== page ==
• If you encounter errors, the log at /opt/stack/logs/screen/xstack.sh.log will likely be the best source of useful debug information.
  • If you need to restart the installation, unless you are very familiar with DevStack's setup, it is best to wipe and reload the entire OS before proceeding. DevStack sometimes does not recover well from partial installations, unfortunately.

Compute Node Installation

The setup for the compute node is very similar to that of the controller, but the local.conf looks a little different. The same instructions apply here that you used above. Do not attempt compute node installation until your controller has installed successfully.

  • Log in to your compute node as the non-root user.
      cd devstack
  • Edit a local.conf file as above, but use the following text block and values:
    [[local|localrc]]
    #HOST_IP_IFACE=<device name of NIC for public/API network, e.g. 'eth0'>
    #Example:
    #HOST_IP_IFACE=eth0
    HOST_IP_IFACE=
    #HOST_IP=<static IPv4 address of public/API network NIC, e.g. '192.168.10.2'>
    #Example:
    #HOST_IP=192.168.10.1
    HOST_IP=
    HOST_NAME=$(hostname)
    #SERVICE_HOST=<IP address of public NIC on controller>
    #Example:
    #SERVICE_HOST=192.168.10.1
    SERVICE_HOST=
    MYSQL_HOST=$SERVICE_HOST
    RABBIT_HOST=$SERVICE_HOST
    GLANCE_HOST=$SERVICE_HOST
    KEYSTONE_AUTH_HOST=$SERVICE_HOST
    KEYSTONE_SERVICE_HOST=$SERVICE_HOST
    MYSQL_PASSWORD=password
    DATABASE_PASSWORD=password
    RABBIT_PASSWORD=password
    ADMIN_PASSWORD=password
    SERVICE_PASSWORD=password
    HORIZON_PASSWORD=password
    SERVICE_TOKEN=tokentoken
    enable_plugin networking-ovs-dpdk https://github.com/openstack/networking-ovs-dpdk master
    OVS_DPDK_MODE=compute
    disable_all_services
    enable_service n-cpu
    enable_service q-agt
    DEST=/opt/stack
    SCREEN_LOGDIR=$DEST/logs/screen
    LOGFILE=${SCREEN_LOGDIR}/xstack.sh.log
    LOGDAYS=1
    Q_ML2_TENANT_NETWORK_TYPE=gre
    ENABLE_TENANT_VLANS=False
    ENABLE_TENANT_TUNNELS=True
    #OVS_TUNNEL_CIDR_MAPPING=br-<device name of NIC for private network, e.g. 'eth1'>:<CIDR of private NIC, e.g. 192.168.20.2/24>
    #Example:
    #OVS_TUNNEL_CIDR_MAPPING=br-eth1:192.168.20.2/24
    OVS_TUNNEL_CIDR_MAPPING=
    Q_ML2_PLUGIN_GRE_TYPE_OPTIONS=(tunnel_id_ranges=400:500)
    OVS_NUM_HUGEPAGES=3072
    MULTI_HOST=1
    [[post-config|$NOVA_CONF]]
    [DEFAULT]
    firewall_driver=nova.virt.firewall.NoopFirewallDriver
    vnc_enabled=True
    vncserver_listen=0.0.0.0
    vncserver_proxyclient_address=$HOST_IP
    scheduler_default_filters=RamFilter,ComputeFilter,AvailabilityZoneFilter,ComputeCapabilitiesFilter,ImagePropertiesFilter,PciPassthroughFilter,NUMATopologyFilter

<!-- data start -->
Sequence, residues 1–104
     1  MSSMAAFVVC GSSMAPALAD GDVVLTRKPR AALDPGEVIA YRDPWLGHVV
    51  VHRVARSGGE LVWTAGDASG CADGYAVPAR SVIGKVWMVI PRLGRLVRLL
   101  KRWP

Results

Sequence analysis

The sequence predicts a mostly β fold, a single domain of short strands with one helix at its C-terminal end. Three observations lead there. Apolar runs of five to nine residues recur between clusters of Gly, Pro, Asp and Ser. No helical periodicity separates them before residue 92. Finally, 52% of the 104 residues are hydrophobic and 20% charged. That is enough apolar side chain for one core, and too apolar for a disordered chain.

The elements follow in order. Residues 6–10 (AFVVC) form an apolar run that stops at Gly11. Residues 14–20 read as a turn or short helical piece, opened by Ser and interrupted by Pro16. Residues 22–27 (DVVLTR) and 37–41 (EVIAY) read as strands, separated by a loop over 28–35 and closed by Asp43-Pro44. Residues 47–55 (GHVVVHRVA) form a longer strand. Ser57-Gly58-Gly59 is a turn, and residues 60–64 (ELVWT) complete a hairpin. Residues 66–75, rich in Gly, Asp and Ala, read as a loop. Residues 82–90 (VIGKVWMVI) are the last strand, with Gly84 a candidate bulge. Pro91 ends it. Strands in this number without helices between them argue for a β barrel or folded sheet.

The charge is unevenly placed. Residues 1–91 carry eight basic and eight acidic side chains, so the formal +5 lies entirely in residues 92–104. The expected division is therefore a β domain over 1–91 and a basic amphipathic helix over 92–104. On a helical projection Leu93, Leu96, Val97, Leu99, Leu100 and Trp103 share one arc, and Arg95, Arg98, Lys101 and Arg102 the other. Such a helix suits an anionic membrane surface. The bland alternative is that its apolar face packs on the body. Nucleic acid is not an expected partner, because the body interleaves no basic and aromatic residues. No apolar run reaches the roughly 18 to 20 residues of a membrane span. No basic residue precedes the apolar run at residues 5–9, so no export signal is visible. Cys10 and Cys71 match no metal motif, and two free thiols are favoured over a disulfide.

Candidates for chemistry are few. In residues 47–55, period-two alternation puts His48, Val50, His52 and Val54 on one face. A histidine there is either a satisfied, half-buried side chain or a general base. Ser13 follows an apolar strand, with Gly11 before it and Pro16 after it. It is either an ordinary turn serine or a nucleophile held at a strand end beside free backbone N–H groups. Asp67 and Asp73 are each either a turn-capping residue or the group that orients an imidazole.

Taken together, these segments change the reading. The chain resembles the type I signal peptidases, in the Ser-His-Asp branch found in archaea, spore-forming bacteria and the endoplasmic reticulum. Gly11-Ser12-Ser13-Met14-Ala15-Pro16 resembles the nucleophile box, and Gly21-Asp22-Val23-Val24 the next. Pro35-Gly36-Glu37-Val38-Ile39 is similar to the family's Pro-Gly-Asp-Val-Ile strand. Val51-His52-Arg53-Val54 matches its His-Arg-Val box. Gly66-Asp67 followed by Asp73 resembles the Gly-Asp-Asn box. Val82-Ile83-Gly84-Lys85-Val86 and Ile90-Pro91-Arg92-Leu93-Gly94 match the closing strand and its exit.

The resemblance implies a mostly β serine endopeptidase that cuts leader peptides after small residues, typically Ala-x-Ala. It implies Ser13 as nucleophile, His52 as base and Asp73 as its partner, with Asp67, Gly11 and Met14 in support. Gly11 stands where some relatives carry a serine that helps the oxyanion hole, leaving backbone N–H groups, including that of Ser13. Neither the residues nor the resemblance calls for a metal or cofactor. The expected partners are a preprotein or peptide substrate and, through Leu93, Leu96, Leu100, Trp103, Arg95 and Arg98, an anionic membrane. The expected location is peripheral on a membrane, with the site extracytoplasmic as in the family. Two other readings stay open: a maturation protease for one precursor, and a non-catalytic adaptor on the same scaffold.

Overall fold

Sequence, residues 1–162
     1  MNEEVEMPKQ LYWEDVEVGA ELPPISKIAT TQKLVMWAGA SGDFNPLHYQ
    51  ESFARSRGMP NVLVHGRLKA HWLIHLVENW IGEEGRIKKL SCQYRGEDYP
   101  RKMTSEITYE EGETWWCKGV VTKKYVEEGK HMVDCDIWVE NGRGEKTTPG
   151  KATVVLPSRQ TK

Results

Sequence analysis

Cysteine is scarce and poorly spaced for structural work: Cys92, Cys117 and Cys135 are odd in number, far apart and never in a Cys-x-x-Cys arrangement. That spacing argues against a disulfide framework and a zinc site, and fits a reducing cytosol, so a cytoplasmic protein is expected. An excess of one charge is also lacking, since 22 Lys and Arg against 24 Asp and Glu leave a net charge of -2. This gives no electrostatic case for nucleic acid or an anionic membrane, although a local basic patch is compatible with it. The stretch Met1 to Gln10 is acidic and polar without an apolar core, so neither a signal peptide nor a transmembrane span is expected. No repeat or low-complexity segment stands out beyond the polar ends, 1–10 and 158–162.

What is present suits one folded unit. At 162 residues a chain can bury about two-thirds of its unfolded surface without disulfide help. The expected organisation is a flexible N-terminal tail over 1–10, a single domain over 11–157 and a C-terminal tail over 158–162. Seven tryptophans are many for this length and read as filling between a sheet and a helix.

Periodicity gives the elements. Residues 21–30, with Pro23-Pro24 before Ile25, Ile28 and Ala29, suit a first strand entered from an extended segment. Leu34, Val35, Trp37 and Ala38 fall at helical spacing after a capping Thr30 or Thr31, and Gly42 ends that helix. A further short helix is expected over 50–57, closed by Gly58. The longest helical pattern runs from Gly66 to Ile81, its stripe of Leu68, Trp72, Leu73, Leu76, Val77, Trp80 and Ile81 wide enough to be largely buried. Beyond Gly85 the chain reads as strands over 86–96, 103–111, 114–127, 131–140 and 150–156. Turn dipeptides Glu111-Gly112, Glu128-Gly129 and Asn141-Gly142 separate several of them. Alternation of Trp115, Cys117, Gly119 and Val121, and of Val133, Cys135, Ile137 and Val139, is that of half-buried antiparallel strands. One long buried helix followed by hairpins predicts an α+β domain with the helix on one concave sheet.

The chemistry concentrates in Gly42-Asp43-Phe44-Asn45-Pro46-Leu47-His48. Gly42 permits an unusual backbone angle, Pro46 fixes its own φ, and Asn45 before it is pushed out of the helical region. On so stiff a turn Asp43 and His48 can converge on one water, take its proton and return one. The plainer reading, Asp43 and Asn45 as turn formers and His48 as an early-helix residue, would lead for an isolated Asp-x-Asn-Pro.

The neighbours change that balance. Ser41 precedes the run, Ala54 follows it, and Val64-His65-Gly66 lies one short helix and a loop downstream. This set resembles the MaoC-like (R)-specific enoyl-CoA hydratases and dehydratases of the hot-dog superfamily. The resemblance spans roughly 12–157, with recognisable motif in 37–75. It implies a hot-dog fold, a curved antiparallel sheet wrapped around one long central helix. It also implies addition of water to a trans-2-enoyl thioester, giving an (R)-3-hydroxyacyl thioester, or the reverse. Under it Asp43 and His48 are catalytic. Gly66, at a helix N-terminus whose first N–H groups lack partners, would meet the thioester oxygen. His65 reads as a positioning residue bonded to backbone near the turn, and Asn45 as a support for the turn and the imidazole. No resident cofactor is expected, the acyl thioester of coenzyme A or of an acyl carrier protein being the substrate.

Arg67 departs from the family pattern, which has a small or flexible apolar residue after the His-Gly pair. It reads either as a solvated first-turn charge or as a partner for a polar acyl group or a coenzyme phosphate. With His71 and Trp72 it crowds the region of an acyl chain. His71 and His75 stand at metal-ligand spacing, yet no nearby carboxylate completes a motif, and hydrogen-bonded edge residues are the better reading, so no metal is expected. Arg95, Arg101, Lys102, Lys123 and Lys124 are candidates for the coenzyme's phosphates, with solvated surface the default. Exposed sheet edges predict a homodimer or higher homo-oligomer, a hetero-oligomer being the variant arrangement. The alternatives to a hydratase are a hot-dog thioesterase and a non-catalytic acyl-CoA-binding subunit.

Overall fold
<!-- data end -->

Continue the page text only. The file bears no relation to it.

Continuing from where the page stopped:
• Save the file and follow the rest of the instructions as performed above for the controller.

Launch a Test Instance

At this point, you should have a working OpenStack installation. You can reach the Horizon dashboard at the public IP address of the controller node, on port 80. But before launching an instance, we need to make at least one 'flavor' in the Nova service aware of DPDK, and specifically the use of hugepages, so that it can appropriately use the DPDK-enabled private interface.

Enable DPDK in Nova

  • Log in to your controller host as the non-root user.
      cd devstack
  • source openrc admin demo - this command will set up your environment to act as the OpenStack 'admin' user in the 'demo' project.
      nova flavor-key nova flavor-key m1.small set hw:mem_page_size=large
  • The preceding command ensures that an instance launched with the m1.small size will use hugepages, thus enabling use of the DPDK device.

Open Ports

We need to make sure that ICMP and TCP traffic can reach any spawned VM.

  • Connect to your public API network with HTTP on port 80 through a browser.
  • Login with the credentials 'demo' and 'password.'
  • Select 'Access & Security' from the left-hand menu.
  • Click 'Manage Rules' in the 'default' security group.
  • Click 'Add Rule' button.
  • Select 'All ICMP' from 'Rule' drop-down menu and then click 'Add' in lower right.
  • Repeat the above 2 steps, selecting 'All TCP' this time.

Launch an instance

Now we are ready to launch a test instance.

  • Select 'instances' from the left-hand menu.
  • Select 'Launch Instance' from the right-side button.
  • Give an instance name such as 'test.' Click 'Next' at the lower right.
  • Ensure 'Select Boot Source' is set to 'Image.'
  • Select 'No' for 'Create New Volume.' It will not work in this tutorial setup because we have not enabled the Cinder service.
  • Click the '+' sign next to the Cirros image under 'Available.'
  • Click 'Next' in the lower-right corner.
  • Click the '+' sign next to the 'm1.small' flavor.
  • Select 'Launch Instance.'

Eventually, you should see your instance launch become available. Make note of the private IP address given.

Test Connectivity to Instance

The VM is up and running with a private IP address assigned to it. You can connect to this private IP, but only if you are in the same network namespace as the virtual router that the VM is connected to.